Ancient enmities thaw during the night-train ride out of Armenia: The company of Armenian Christians and Muslim Turks enlivened a trip to eastern Turkey for Hugh Pope
They were preparing for one of the town's main events of the week, the suitcase-traders' night journey to the eastern Turkish town of Kars. Yervant Atoyan, the well-heeled chief of customs, gave a deep sigh after a night of exhausting duty.
'There are even professors and doctors who do it to survive. Armenia is cut off from all sides,' Mr Atoyan said. 'We have nothing against the Turks. We will soon have football matches between Kars and Leninakan. We never discuss (the Armenian genocide). We must not forget history. But first we must have relations with our neighbour.'
For all the discomfort of the train - a stop-start, 50-mile marathon that can take 24 hours - it was a barometer of how ordinary Muslim Turks and Christian Armenians seemed to welcome a hesitant thaw between their two governments.
Out from Kars, young local Turkish men won the first seats in our carriage. But an Armenian schoolteacher in her forties brushed aside their vigorous defence of the last spare seat. 'Boys, I can see one place free,' she said, in perfect Turkish. 'Didn't they teach you to be polite at school?' The Turkish resistance melted.
Before the train creaked forth into the snow-bound landscape, we were joined by three Armenian women and a vodka-swilling, Turkish-speaking, Armenian black-marketeer who called himself Ali or Levon, depending on whose knees he was sitting on at the time.
There were no inhibitions about talk of genocides here, and a marked lack of animosity. A Turkish man, drawing his finger across his throat, demanded to know why Armenians had massacred so many Turks in the fighting. Armenians threw the accusations back, adding territorial grievances for good measure. 'This Kars is our motherland, our land,' said Mary Demirjiyan, the schoolteacher, many of whose relatives were involved in the 1915-18 massacres and deportations. 'When we arrived I had tears in my eyes.'
Kars was under Russian rule from 1878 to 1918 and has a square street plan and ornate grey stone barracks and buildings to prove it. But of its pre-First World War Armenian population, only one or two are thought to remain.
'These Armenians are incredible, they come here as our guests and then demand our land,' said one of the Turks, as the discussion moved on to the friendlier territory of Turkish chocolate and bread, scarce commodities in blockaded Armenia. 'Everyone needs to make some money. Kars needs something to make it alive, to stop people leaving,' said Bulent Komak, an 18-year-old Turkish Azeri pharmacist from Kars.
The Armenians can sell almost any remnants of Soviet production to the Turks in return for dollars or cheap Turkish jeans, cooking oil and sweets. The Armenian government of President Levon Ter Petrosian is keen to open diplomatic relations with Turkey. Diplomats say formulas have been found to gloss over territorial claims and the First World War massacres - attempted genocide, according to the Armenians.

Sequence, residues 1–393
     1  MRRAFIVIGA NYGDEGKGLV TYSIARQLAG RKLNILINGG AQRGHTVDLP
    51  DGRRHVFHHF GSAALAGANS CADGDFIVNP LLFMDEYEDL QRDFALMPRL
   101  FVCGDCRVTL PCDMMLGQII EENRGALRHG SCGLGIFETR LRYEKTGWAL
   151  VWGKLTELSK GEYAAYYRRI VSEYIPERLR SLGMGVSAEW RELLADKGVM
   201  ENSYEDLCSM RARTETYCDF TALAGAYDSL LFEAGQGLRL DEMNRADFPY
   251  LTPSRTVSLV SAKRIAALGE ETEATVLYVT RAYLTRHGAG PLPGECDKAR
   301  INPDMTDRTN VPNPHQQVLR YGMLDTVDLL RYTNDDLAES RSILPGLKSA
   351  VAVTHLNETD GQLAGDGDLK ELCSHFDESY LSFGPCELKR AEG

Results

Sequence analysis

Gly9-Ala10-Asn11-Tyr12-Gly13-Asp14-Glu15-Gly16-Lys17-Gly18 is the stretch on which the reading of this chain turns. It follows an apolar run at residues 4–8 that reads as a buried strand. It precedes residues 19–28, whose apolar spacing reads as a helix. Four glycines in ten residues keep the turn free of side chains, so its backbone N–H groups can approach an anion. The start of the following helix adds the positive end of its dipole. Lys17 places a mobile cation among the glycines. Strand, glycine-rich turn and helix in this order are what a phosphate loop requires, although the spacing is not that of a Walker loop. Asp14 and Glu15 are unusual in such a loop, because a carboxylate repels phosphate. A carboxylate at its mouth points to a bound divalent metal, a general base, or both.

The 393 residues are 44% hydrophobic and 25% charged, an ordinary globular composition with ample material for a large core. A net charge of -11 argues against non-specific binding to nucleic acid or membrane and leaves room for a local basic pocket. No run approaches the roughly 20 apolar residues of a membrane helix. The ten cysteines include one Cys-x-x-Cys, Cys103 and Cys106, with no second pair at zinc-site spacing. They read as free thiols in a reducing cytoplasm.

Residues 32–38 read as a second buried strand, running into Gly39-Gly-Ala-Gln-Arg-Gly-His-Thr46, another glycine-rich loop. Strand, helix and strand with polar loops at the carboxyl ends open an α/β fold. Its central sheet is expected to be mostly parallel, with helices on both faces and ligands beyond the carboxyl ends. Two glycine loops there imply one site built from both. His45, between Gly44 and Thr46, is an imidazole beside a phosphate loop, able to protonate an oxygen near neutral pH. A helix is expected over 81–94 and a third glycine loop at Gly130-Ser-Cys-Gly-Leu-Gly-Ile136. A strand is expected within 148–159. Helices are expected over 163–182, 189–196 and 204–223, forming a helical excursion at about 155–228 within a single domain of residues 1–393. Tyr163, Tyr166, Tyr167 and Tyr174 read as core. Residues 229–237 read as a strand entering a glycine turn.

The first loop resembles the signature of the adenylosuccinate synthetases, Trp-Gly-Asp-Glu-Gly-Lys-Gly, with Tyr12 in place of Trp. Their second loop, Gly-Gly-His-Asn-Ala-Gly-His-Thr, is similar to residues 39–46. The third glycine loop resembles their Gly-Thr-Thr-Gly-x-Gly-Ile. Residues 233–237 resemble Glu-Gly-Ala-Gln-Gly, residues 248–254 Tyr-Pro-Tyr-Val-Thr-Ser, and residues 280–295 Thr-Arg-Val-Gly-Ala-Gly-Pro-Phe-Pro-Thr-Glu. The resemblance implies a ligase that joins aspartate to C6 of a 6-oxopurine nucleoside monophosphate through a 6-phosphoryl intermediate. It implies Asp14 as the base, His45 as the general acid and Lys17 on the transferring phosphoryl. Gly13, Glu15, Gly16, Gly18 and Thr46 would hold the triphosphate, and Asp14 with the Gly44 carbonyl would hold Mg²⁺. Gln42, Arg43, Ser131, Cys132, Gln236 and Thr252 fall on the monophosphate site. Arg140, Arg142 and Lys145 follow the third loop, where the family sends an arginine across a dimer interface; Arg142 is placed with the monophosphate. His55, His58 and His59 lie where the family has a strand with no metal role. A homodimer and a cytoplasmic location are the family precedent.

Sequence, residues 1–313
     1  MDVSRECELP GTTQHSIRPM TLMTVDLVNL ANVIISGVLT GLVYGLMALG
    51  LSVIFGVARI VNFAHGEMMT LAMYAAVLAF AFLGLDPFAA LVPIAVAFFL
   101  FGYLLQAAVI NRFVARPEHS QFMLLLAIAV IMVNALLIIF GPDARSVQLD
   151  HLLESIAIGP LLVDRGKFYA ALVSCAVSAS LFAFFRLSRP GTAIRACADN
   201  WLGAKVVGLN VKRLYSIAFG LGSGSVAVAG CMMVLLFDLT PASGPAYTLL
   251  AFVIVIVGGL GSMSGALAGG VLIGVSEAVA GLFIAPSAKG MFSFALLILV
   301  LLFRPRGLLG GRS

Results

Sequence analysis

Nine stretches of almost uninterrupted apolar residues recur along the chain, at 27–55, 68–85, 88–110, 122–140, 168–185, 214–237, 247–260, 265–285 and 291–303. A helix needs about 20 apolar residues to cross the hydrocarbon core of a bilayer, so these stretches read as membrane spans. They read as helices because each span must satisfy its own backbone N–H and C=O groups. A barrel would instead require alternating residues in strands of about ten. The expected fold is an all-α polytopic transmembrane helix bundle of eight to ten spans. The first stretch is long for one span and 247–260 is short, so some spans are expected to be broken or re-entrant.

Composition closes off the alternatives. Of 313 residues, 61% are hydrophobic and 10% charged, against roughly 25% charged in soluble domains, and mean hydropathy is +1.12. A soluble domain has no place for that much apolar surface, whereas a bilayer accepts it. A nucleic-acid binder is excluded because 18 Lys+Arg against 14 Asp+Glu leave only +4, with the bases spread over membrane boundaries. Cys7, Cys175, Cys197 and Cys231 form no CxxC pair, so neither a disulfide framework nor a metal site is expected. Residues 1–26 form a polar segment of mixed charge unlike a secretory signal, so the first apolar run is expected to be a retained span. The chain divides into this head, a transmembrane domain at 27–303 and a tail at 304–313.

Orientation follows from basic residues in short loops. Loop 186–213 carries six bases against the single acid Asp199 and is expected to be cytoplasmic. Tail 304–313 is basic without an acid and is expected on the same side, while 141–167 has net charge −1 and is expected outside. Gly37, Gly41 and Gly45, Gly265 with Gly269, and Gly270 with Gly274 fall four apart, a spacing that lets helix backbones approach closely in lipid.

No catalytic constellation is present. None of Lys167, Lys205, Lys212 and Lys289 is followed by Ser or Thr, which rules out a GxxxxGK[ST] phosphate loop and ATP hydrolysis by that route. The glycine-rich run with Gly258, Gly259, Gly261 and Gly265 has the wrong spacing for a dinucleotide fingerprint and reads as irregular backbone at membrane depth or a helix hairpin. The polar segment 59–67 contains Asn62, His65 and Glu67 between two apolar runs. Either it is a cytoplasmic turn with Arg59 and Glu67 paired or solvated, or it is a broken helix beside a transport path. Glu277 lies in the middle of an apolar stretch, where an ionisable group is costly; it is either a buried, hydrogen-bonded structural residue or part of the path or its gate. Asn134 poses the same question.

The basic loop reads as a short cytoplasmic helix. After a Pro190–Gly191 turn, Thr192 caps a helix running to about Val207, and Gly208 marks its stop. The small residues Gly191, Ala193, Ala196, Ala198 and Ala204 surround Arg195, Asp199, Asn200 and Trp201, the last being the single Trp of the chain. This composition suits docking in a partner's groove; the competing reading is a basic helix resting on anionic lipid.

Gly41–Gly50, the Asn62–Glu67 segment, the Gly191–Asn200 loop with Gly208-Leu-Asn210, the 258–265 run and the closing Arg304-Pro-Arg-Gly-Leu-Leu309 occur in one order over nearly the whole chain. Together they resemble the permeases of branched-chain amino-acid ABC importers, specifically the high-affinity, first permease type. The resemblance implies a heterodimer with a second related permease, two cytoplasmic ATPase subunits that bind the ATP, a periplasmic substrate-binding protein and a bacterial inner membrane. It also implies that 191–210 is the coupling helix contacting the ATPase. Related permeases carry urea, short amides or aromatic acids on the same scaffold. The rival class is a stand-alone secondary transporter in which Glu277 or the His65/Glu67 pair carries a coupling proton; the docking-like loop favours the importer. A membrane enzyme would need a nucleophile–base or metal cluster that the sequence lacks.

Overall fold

The last and most formidable barrier remains the conflict over the Armenian enclave of Nagorny Karabakh in Azerbaijan, but diplomats hope the momentum is towards compromise, not more conflict.
One reason is the weakening influence of the viscerally anti- Turkish Armenian diaspora, many of them descendants of western Armenian massacre survivors. Most people in the newly independent Armenian republic are 'eastern Armenians', more ready to come to a compromise with their region.
Beside us on the railway line, trucks carried Turkish wheat to Armenia, paid for by the European Community. Pylons beside the tracks stood ready to transmit Turkish power once the Karabakh fighting dies down.
Armenians used to travel to Turkey in bus tours via Georgia to disguise the fact that they came from Armenia. Now the direct train is preferred, partly because brigands and thieves have made Georgia too dangerous.
Few Turks see much reason yet to go to Leninakan. Apart from Syrian and Iranian Armenians bringing food for their relatives, even fewer foreigners pass this once sensitive Cold War border. On the return journey, only a noble midnight intervention by the foreign ministry in Ankara persuaded Turkish border police to take us back into the country. 'You're the first English people I've ever seen crossing here, you know,' said one harassed official.
A secret-police-like Turkish 'customs agent' asked heavy questions about our trip, concentrating on relations between the Armenia and Kurdish guerrillas fighting for an independent state in eastern Turkey. Mr Ter Petrosian's government has rejected a flirtation between his opponents in Armenia and Kurdish nationalists. But suspicions remain. 'On our visit to Turkey we saw many Kurds, they made sign language that we were together against the Turks,' said an Armenian visitor. 'But we were quite comfortable. We told everyone we were Armenian and never had any problems.'
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